While the warmth may finally be beginning to wane in some areas, the number of ways to express how unusual it was is not.
Thousands of records, some thought to be unbreakable, have fallen over the past couple of weeks from the High Plains to the East Coast, and north into Canada.
The unusual warmth has many questioning why, and wondering if this could end up being the new normal. From climate change to ocean temperatures to debris from last year's tsunami, Jillian MacMath has more on the theories offered up by AccuWeather.com's meteorologists.
Though the lasting legacy of the warm spell could end up being one of the above, in the short term, meteorologists and climatologists alike are still struggling to digest the staggering nature of the records that have been broken over the past dozen or so days.
AccuWeather.com Facebook fan Doug T. submitted this photo of apricot trees in bloom on Old Mission Peninsula just east of Traverse City, Mich. Doug adds this blooming is occurring at least six weeks earlier than normal.
The 'Heat Wave' of March 2012, By the Numbers
9 The number of consecutive days that Chicago, Ill., has broken a record high, from March 14 to March 22. Eight of those days saw the mercury climb above 80 degrees, which is normal for mid-June.
93 The temperature swing that occurred over the course of just nine days in International Falls, Minn., from a low of minus 14 degrees on March 9, to a high of 79 degrees on March 18. Also, 10 straight days of new record highs (March 13 to March 22).
26 The number of inches of snow that melted over the course of just seven days in Caribou, Maine, from March 15 to March 22, thanks to the unusual warmth. Also, 18 inches of snow was still on the ground when the first record high fell on March 18 (64 degrees).
32 The gap, in degrees, between the old and new record high on March 21 in Marquette, Mich. The new record high was 81 degrees, obliterating the old record of 49 degrees. The margin of defeat was so great that the low temperature that day was even higher than the old record high temperature.
This is snow depth across the continental U.S. and southern Canada as of March 22. Outside of a few higher elevations, there is no snow on the ground in the country east of the Continental Divide. (NOAA/NOHRSC)
21.2 The temperature departure (in degrees fahrenheit) from normal for the month of March thus far in Winnipeg, Canada. This occurred despite temperatures having dropped below zero for four days early in the month.
1921 The last year it was above 80 degrees in Boston before March 28 of any given calendar year. In reaching 83 degrees on March 22, this came to fruition for the first time since March 21, 1921.
86 The new all-time record high temperature for March in Detroit, Mich., set on March 22. In fact, a new all-time high temperature was set two days in a row, with the mercury first climbing to 84 degrees on March 21.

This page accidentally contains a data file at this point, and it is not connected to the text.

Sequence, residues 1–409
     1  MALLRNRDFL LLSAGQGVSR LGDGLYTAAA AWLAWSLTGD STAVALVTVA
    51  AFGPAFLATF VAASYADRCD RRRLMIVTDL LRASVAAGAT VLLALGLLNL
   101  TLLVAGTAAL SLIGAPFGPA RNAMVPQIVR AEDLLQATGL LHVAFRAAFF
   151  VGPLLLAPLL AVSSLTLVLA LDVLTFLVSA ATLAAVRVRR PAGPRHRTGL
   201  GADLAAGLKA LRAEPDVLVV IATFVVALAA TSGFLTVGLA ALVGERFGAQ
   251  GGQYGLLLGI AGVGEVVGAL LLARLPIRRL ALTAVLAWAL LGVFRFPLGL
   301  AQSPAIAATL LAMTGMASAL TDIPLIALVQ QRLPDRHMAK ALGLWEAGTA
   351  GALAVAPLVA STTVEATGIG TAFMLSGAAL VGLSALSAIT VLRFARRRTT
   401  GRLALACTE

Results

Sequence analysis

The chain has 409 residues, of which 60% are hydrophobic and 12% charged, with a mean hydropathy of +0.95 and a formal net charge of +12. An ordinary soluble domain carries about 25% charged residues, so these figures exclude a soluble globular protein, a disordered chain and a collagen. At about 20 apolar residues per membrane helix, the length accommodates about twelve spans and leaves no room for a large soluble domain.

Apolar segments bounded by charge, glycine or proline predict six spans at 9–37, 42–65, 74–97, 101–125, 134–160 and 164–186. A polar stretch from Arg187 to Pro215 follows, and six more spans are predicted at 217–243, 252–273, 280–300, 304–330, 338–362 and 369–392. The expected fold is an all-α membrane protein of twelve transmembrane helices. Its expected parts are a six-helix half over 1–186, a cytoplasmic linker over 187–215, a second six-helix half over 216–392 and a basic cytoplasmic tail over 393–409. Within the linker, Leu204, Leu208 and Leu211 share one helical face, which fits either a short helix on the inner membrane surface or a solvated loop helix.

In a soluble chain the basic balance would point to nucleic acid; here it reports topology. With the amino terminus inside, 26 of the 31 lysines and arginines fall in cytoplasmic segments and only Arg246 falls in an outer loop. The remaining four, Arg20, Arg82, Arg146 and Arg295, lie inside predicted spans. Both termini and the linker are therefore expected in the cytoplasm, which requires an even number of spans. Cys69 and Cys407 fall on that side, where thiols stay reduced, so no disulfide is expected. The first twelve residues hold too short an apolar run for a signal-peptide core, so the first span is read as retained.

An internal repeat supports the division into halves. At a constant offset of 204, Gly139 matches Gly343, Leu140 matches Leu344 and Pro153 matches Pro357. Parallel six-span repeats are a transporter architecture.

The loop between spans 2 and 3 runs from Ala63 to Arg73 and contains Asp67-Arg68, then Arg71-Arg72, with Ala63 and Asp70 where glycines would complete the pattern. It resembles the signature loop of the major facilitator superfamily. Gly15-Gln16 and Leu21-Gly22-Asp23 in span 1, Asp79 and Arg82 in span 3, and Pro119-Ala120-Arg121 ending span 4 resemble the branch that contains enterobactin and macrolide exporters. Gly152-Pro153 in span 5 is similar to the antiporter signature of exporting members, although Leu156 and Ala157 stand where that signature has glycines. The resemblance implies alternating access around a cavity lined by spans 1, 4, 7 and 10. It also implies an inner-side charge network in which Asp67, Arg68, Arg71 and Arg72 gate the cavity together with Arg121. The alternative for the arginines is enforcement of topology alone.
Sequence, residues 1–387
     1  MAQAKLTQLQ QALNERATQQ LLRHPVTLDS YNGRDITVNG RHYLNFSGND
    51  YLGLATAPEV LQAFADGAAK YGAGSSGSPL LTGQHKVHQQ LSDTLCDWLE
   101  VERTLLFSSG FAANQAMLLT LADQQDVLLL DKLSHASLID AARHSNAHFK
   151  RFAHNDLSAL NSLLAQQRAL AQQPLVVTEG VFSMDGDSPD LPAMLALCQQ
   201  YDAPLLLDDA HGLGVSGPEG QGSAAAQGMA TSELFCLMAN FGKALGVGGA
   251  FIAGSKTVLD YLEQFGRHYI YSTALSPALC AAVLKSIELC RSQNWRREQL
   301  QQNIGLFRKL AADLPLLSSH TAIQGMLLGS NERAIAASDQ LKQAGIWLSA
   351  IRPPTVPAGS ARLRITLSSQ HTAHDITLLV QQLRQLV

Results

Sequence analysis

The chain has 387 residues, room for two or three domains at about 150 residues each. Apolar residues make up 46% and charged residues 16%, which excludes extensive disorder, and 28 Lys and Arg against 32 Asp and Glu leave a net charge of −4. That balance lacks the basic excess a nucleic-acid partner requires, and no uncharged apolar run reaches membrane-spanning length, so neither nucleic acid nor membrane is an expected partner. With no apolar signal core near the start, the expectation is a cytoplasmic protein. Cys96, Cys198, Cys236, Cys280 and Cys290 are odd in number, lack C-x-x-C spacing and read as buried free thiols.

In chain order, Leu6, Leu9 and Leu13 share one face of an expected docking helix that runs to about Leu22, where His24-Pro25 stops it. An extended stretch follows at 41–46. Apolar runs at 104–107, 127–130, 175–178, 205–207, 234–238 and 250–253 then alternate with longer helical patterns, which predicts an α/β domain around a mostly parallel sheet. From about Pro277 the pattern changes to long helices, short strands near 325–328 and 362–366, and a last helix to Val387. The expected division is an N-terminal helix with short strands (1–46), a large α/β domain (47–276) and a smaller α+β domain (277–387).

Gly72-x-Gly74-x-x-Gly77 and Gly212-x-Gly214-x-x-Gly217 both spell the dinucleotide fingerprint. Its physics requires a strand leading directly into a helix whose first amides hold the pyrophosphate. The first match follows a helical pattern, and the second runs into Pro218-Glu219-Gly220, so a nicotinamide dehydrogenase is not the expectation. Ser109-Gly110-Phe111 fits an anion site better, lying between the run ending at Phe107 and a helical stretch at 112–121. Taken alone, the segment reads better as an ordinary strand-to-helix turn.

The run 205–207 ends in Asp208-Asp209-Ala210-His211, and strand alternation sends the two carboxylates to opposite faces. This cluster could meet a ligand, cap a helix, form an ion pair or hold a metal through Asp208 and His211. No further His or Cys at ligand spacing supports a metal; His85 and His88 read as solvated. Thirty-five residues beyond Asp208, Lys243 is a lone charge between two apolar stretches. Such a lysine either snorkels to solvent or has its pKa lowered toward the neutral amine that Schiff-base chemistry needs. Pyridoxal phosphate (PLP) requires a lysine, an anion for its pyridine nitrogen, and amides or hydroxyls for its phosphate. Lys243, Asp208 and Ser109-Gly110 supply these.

60 The average low temperature in Chicago, Ill., from March 17 to March 22 of this year. Such low temperatures, about 30 degrees above normal, are more typical for mid-June.
AccuWeather.com Facebook fan Jason S. submitted this photo of beachgoers on Hampton Beach, N.H., on March 22. "I've never seen a scene like this in March in all my 37 years," added Jason.
New All-Time Record High Temperatures for March
Additionally, more than a dozen major cities established new all-time record highs for the month of March. This is especially impressive considering all of these records were set more than a week from the end of the month, which is usually the warmest period.
|City||New Record High (Date)||Old Record High (Date)|
|Detroit, Mich.||86 (3/22)||82 (3/28/1945)|
|Lansing, Mich.||86 (3/21)||82 (3/24/1910)|
|Toledo, Ohio||85 (3/21, 3/22)||83 (3/24/1910)|
|Bangor, Maine||84 (3/22)||79 (3/29/1946)|
|Milwaukee, Wis.||84 (3/21)||82 (3/29/1986, 3/31/1986)|
|Cleveland, Ohio||83 (3/20-3/22) - tie||83 (3/24/1910, 3/25/1945)|
|Madison, Wis.||83 (3/21)||82 (3/29/1986, 3/31/1981)|
|Buffalo, N.Y.||82 (3/21)||81 (3/26/1945)|
|London, Ontario||81 (3/22)||77 (3/30/1998)|
|Marquette, Mich.||81 (3/21)||71 (3/8/2000)|
|Ottawa, Ontario||81 (3/21)||80 (3/29/1946)|
|International Falls, Minn.||79 (3/18)||73 (3/31/1963)|
|Toronto, Ontario||79 (3/22)||78 (3/28/1945)|
|Montreal, Quebec||78 (3/21) - tie||78 (3/28/1945)|
|Caribou, Maine||75 (3/21)||73 (3/30/1962)|
|Winnipeg, Manitoba||75 (3/19)||74 (3/27/1946)|
|Quebec City, Quebec||65 (3/21)||64 (3/30/1962)|
Following a chilly, snowy weekend, a major storm will affect Boston, and much of the East and Midwest on Christmas Eve.
Several fast-moving storm systems will bring unsettled weather to the British Isles and northern Europe next week.
A potent cold front will bring much cooler air and a flood threat to parts of South America on Sunday.
While prospects for a white Christmas are grim along the I-95 corridor, many communities from the Great Lakes to the Rockies should enjoy the desired snowy scene for the holiday.
After natural disasters, it’s not uncommon to see pop-up charities appear, particularly around the holiday season.
A storm bearing strong winds, heavy snow, torrential rain, thunderstorms and fog will converge on the Northeast and Midwest on Christmas Eve and will likely create ground and flight delays.
Black Hills, SD (1964)
Chinook: temp. rise 0 degrees to 50 degrees.
Atlantic Ocean (1984)
Hurricane Lili northeast of Puerto Rico. Only the 6th tropical storm in December since 1886.
International Falls, MN (1989)
Low of -34 + high of -21. Wind chill between 60 + 70 below.